The National Assembly Portfolio Committee on Justice and Correctional Services, led by the chairperson, Dr. Mathole Motshekga and Ms Thandiswa Mahambehlala brutally attacked the person of the public protector. This may have led to the economic embargo against the office of the Public Protector.

News 24 reported on the 3rd of April 2016; attribute the following to the Speaker of the National Assembly, Ms Baleka Mbete; “Now I don’t know who owes the public protector an apology about what because as far as Parliament is concerned, the situation has been explained,” she said.

It is my considered view, that the National Assembly has a Constitutional obligation to hold the President accountable on this matter. He has the duty to assist and protect the office of the Public Protector to ensure its independence, impartiality, dignity and effectiveness.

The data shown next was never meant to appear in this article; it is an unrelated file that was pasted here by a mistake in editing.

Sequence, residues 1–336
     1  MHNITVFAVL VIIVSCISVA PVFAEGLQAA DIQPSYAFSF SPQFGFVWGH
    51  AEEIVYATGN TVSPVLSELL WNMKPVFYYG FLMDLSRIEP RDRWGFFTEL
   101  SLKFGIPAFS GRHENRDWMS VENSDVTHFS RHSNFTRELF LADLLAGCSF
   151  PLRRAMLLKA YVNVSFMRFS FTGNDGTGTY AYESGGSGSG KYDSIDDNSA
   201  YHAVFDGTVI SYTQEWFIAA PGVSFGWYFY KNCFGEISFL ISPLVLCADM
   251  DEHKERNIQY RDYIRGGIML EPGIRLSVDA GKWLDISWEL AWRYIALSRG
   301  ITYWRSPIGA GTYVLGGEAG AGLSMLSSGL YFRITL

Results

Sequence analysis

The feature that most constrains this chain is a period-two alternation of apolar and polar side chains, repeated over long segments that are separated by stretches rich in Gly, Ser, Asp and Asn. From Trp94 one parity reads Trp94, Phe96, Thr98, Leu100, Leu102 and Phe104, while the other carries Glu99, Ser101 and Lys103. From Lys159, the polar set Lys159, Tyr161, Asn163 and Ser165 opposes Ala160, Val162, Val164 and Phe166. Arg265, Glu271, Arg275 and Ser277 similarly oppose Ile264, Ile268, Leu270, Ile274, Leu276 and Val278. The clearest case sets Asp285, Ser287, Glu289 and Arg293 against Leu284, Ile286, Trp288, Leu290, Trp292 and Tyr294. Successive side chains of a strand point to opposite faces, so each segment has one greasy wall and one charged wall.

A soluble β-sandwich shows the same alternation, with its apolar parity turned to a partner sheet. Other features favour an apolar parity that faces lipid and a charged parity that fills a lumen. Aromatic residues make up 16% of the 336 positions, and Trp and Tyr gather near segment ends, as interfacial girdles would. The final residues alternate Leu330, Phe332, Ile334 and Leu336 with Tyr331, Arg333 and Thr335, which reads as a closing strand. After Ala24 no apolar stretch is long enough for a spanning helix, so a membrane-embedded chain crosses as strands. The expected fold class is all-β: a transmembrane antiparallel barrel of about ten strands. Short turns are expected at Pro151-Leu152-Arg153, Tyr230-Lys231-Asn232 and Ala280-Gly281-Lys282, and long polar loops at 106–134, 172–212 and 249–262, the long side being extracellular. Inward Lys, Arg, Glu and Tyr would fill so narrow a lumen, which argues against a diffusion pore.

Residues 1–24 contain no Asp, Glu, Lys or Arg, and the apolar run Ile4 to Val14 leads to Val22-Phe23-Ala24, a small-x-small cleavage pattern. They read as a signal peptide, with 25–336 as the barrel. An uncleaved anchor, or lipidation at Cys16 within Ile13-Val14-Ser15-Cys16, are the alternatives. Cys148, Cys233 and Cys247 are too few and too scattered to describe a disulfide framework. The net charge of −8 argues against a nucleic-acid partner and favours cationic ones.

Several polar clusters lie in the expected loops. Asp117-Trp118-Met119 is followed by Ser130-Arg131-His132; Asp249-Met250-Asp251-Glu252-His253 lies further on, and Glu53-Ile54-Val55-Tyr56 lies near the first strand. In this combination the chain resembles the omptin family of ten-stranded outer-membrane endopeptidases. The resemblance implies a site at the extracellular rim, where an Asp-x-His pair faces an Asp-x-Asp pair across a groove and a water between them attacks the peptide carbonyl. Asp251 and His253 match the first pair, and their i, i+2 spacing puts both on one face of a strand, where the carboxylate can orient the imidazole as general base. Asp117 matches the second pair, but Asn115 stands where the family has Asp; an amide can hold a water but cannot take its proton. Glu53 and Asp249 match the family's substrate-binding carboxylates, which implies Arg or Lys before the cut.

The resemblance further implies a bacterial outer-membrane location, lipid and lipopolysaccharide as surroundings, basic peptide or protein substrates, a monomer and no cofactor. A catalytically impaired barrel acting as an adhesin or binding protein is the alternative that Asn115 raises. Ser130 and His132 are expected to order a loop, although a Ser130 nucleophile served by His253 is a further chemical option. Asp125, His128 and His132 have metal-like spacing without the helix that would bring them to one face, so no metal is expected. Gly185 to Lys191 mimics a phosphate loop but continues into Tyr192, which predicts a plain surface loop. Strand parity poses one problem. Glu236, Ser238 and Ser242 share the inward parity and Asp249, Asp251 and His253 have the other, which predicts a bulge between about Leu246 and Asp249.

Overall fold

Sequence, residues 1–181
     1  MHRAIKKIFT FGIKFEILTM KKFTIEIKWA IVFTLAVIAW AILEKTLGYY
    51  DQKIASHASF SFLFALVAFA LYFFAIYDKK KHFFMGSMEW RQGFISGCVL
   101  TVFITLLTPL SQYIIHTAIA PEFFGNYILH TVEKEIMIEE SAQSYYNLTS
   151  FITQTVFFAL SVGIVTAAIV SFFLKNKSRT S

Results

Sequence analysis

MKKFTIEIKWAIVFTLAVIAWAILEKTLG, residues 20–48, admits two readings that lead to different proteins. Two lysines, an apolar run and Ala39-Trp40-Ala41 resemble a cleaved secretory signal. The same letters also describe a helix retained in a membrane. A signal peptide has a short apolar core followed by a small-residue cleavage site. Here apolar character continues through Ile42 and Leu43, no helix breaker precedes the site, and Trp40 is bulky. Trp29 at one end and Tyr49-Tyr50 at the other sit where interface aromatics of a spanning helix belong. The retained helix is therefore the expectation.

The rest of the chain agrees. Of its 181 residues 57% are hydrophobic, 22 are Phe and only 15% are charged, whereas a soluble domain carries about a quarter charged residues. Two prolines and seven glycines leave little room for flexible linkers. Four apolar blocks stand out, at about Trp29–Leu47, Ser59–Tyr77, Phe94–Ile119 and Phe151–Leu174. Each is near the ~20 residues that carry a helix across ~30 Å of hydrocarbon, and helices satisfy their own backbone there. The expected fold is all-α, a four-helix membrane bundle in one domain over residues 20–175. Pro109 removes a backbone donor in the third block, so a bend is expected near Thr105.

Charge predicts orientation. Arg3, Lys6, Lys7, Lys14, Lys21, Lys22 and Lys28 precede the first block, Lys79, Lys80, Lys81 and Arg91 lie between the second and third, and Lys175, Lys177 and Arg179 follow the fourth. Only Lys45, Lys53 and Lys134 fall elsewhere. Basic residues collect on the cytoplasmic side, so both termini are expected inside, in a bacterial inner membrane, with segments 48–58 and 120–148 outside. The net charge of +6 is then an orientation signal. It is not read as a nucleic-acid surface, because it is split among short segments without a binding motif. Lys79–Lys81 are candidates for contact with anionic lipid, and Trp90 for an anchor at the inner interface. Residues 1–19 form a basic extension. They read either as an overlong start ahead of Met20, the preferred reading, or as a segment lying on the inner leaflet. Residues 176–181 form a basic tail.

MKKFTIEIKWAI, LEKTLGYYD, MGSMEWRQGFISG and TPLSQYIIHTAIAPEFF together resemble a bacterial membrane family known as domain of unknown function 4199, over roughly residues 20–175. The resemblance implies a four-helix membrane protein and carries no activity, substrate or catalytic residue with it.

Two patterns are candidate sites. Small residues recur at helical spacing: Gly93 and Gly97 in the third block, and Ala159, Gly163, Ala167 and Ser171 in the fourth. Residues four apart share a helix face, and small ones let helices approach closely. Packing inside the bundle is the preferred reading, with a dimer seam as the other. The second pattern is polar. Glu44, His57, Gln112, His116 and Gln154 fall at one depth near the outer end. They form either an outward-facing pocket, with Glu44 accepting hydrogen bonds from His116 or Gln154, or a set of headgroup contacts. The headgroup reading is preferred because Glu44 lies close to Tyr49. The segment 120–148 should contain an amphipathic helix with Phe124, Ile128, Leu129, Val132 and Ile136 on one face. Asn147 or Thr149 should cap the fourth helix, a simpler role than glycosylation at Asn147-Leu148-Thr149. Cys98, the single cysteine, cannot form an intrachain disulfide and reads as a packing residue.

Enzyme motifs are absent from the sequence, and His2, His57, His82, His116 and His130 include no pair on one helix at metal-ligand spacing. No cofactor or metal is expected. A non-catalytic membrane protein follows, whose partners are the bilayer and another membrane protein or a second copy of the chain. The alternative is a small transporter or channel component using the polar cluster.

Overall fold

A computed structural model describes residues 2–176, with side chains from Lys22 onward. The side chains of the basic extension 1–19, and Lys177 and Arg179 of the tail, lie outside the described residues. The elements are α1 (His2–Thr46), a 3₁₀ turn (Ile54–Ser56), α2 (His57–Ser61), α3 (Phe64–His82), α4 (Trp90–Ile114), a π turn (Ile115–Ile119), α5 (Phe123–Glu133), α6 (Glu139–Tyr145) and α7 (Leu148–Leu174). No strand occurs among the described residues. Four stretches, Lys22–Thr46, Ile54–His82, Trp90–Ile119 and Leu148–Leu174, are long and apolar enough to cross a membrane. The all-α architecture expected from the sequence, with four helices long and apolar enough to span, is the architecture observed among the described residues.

ZAPIRO Public Protector

Further, the Constitutional Court found, against the President: “Consistent with this constitutional injunction, an order will thus be made that the President’s failure to comply with the remedial action taken against him by the Public Protector is inconsistent with his obligation to uphold, defend and respect the Constitution as the supreme law of the Republic; to comply with the remedial action taken by the Public Protector; and the duty to assist and protect the office of the Public Protector to ensure its independence, impartiality, dignity and effectiveness”.